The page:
February is the ReadIndies month, which I’m really looking forward to. I have a good selection of possible reads on my TBR shelf (see below), and I might easily end up buying more along the way.

Books by independent publishers on my TBR shelf.

Closing the books on 2021

Map indicating the author’s country of birth for all the books I have read in 2021

So, 2021 is finally over. It did have some highlights, but for a large part it was a dreary, exhausting year (I hate border closures with all my heart). Blogging largely fell to the side in pure exhaustion, but I did read quite a bit. Exactly 100 books in total.

As usual I read most of the books in English (64), followed by Swedish (30) and Norwegian (6). 53 of the books were written by women and 47 by men, a surprisingly even split. Authors from the United Kingdom (33) dominated, followed by Swedish (16) and US authors (11), but authors born in 31 different countries (a new record since I started to keep track!) were represented in my reads. In addition the books were published in 17 different decades.

Early in my blogging days I started the 30-20-10 challenge where the goal was to read books by authors from 30 countries, 20 books written by a woman and 20 by man, and in 10 different decades. At that time I had no real intention of finishing in one year (and I didn’t), but it pushed me to broaden my reading and in 2021 I succeeded without even trying, which feels really good.

Memorable first time reads

Most read blog posts in 2021

Reading plans for 2022

I loved the ReadIndies month that Karen and Lizzie hosted last year and really look forward to the 2022 edition. In addition I plan to join the Narniathon, but other than that my ambition is to read often, widely, but most of all for enjoyment.

Happy New Reading Year!

The lion, the witch and the wardrobe

Few books have meant more to me than the chronicles of Narnia. As a child I read them over and over, and even, after I had collected them all in Swedish, collected Narnia books in other languages as souvenirs. It is thus fair to say that I know the stories rather well, but I must admit that it have been a long time since I reread them. Calmgrove’s Narniathon seemed like a good time to do something about that and I have therefore revisited The lion, the witch and the wardrobe.

Most of the time when I reread a book I have at least partially forgotten the plot, but not this time. Every scene, almost every word, was familiar, but despite this I still enjoyed it. Sure, there are things I could complain about, the children all feel fairly flat and unconvincing, the narrator sometimes starts lecturing, but none of that really matters. What do I care about the Pevensie children? When I read a Narnia book, I am always the child that travels to Narnia. That C. S. Lewis created a world I could almost believe I could travel to has always been what I loved most about the Narnia books.

Apart from his excellent abilities for setting a scene I believe that there are three things in particular that makes my immersion in Narnia possible, Firstly, Narnia is a portal world, making it entirely plausible that I could travel to Narnia, unlike most Fantasy lands. Secondly, The chronicles of Narnia contain something that the author truly believed in. A story with a moral is often worse for it, but I have often found that the stories with something true (or believed to be true) at their core are the ones with lasting power. The chronicles of Narnia and my other children’s Fantasy favourite, The Brothers Lionheart, although very unalike, both have this is common. Thirdly, Narnia is created by an author who appears to believe in it. Perhaps not in a literal sense, but because Lewis wrote it with a strong Christian centre (which I completely missed as a child), he took it seriously. Other portal worlds, such as Oz or Wonderland, are written by authors who don’t take them seriously, they are interesting and fun, but I never found them believable in the way that I do believe in Narnia.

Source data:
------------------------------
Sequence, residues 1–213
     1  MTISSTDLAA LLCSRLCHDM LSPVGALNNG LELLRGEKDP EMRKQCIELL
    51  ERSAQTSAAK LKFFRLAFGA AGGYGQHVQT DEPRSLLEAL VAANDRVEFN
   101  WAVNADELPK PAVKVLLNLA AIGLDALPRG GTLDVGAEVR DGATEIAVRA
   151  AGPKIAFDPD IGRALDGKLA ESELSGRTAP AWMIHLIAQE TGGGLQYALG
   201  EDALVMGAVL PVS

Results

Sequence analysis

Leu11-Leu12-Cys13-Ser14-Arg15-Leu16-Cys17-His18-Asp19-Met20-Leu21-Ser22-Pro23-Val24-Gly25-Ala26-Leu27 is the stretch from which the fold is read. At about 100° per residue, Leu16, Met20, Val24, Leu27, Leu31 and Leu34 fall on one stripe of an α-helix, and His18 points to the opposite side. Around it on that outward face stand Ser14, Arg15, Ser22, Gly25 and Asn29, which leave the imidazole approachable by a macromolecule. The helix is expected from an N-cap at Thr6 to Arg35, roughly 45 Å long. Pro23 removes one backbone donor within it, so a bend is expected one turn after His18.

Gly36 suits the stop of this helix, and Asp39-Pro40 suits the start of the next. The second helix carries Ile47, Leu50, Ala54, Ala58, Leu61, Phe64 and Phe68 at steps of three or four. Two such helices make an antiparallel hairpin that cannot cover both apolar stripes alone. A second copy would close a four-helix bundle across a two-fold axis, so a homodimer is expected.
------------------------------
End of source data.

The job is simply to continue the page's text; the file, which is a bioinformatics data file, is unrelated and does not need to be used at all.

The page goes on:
All in all I found my return to Narnia to be interesting and enjoyable. I had hoped to discover more new things in it, but I have read it so many times, and also reread it as an adult, although a long time ago, that it all felt familiar.

What I did discover this time was that the illustrations, although lovely, were not particularly accurate. The Narnian reindeer in particular seemed to have little in common with the reindeer I am familiar with.

Time for some reading statistics

Map indicating the author’s country of birth for all the books I have read in 2021 so far.

Nine months of the year has passed and it is time to lock back at my reading so far. Overall I had a really good reading spring, but since then my reading has slowed down to about one book a week for May-September, and I fear that I have spent much more time on youtube than I have with my books lately. However, thanks to all the reading I did in the spring my total statistics still looks rather fine, with 74 books read by authors from 22 countries.

Reading highlights April-September

  • We are not afraid by Gila Lustiger (published by Notting Hill Editions)
  • A wilder time by William E. Glassley (another excellent non-fiction from Bellevue Literary Press)
  • Var vid gott mod by Annika Persson (biography over the textile artist Märtha Måås Fjetterström)
  • The brothers Lionheart (reread)

Reading right now

  • Piranesi by Susanna Clarke
  • The book of dust by Philip Pullman
  • Leap frog & other stories by Guillermo Rosales

Writing

Writing on this blog has been slow for the past six months, I have published a total of only four blog posts (including this one), since my previous update in early April. Instead I have written a lot for work, finally publishing an article I have been working on on and off for years (rather technical so I won’t add a link). Perhaps now that it is out of the way I will have more time to spare for blogging.

Autumn colours